Clinical trials are ongoing to determine the safety and efficacy of psychedelics. These studies include healthy participants and those diagnosed with specific health conditions.

Bad Trips

A "bad trip" is an unpleasant experience that hallucinogens cause. It can involve:

  • Anxiety
  • Fear
  • Confusion
  • Paranoia

If you're with someone who has a bad trip, remain calm and reassuring while providing a safe environment for them to come down from the drug's effects. 

The effects of hallucinogens like LSD can be described as drug-induced psychosis—distortion or disorganization of a person’s capacity to recognize reality, think rationally, or communicate with others.

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How Long Do Hallucinogenic Effects Last?

Hallucinogenic drugs can induce sensory distortions, such as visual or auditory hallucinations. These mind-altering effects typically manifest within 90 minutes of ingestion, although they can begin as early as 20 minutes after consumption.

The duration of psychedelic experiences can extend up to 12 hours. However, the nature and intensity of hallucinatory encounters vary significantly among people.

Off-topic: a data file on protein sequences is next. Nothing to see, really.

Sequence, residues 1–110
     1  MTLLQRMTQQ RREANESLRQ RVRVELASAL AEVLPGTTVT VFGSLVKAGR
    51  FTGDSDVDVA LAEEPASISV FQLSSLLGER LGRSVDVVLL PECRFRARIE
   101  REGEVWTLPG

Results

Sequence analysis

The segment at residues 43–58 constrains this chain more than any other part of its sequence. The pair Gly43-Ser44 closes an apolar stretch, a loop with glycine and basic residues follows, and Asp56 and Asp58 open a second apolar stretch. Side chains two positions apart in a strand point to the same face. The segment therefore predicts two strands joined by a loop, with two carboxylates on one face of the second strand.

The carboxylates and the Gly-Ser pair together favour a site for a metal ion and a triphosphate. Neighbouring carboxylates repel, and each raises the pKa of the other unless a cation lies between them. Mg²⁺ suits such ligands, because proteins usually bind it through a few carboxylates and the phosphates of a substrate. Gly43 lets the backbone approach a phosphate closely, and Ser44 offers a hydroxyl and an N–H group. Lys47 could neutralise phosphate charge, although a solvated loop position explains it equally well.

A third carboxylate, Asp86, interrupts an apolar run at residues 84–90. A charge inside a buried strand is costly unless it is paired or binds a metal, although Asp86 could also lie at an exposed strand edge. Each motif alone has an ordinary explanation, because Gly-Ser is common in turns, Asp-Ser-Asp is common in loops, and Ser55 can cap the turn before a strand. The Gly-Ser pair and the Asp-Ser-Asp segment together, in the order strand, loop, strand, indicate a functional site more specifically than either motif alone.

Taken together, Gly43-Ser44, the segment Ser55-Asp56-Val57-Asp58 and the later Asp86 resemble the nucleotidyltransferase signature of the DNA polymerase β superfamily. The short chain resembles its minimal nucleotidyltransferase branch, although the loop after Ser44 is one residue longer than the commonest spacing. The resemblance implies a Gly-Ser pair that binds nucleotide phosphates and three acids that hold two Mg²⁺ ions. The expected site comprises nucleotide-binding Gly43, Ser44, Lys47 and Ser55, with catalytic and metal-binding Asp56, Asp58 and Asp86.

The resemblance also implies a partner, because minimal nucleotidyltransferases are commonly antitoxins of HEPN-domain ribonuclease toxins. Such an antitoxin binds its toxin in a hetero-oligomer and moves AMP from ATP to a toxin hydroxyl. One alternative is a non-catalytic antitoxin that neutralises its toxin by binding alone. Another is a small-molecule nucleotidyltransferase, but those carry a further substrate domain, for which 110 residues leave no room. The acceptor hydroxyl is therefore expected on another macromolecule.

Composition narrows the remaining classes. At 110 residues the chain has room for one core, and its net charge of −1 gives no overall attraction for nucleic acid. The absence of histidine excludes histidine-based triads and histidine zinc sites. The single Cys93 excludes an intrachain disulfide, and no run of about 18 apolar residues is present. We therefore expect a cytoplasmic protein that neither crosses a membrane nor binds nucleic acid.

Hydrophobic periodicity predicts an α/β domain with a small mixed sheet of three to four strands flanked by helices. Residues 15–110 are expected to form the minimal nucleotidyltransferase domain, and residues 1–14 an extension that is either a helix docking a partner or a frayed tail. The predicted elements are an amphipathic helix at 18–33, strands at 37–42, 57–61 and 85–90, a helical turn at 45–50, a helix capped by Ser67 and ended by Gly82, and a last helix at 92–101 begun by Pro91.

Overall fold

How Do Hallucinogens Affect the Brain?

Hallucinogens can temporarily disrupt the communication between various brain chemical systems, including but not limited to serotonin, glutamate, and dopamine pathways in the central nervous system. 

Certain hallucinogenic drugs impact the brain chemical serotonin. Serotonin controls your:

  • Body temperature
  • Sexual desire
  • Appetite
  • Overall mood
  • Sensory perception
  • Sleep
  • Intestinal muscle control

Dissociatives affect the brain's chemical glutamate. Glutamate controls your:

  • Environmental response
  • Learning
  • Memory
  • Emotions
  • Pain perception

Are Hallucinogens Addictive?

Most hallucinogens don't cause physical addiction. However, users may develop psychological dependence, Hallucinogen Persisting Perception Disorder, or hallucinogen use disorder.

Psychological Dependence 

Psychological dependence on hallucinogens is a form of mental or emotional addiction. It occurs when you feel compelled to take the drugs regularly. 

People with this dependency may find it hard to stop using hallucinogens, even if they don't experience physical withdrawal symptoms. 

They'll likely experience psychological withdrawals like depression, anxiety, and insomnia. They may also feel uncomfortable in social situations where they experience intense cravings or can't use the drugs.

Hallucinogen Persisting Perception Disorder (HPPD)

HPPD is a chronic neurological disorder that causes recurring flashbacks or hallucinations. This condition occurs when you take large amounts of hallucinogenic drugs for an extended period. It can take months or years to go away.

You can treat HPPD with medications like antidepressants, anticonvulsants, and antipsychotics. Mental health counseling and therapy can also help you learn how to cope with your symptoms.

Hallucinogen Use Disorder

Although no reports classify hallucinogens as addictive, users can develop a consistent use pattern resembling hallucinogen addiction. This is known as hallucinogen use disorder.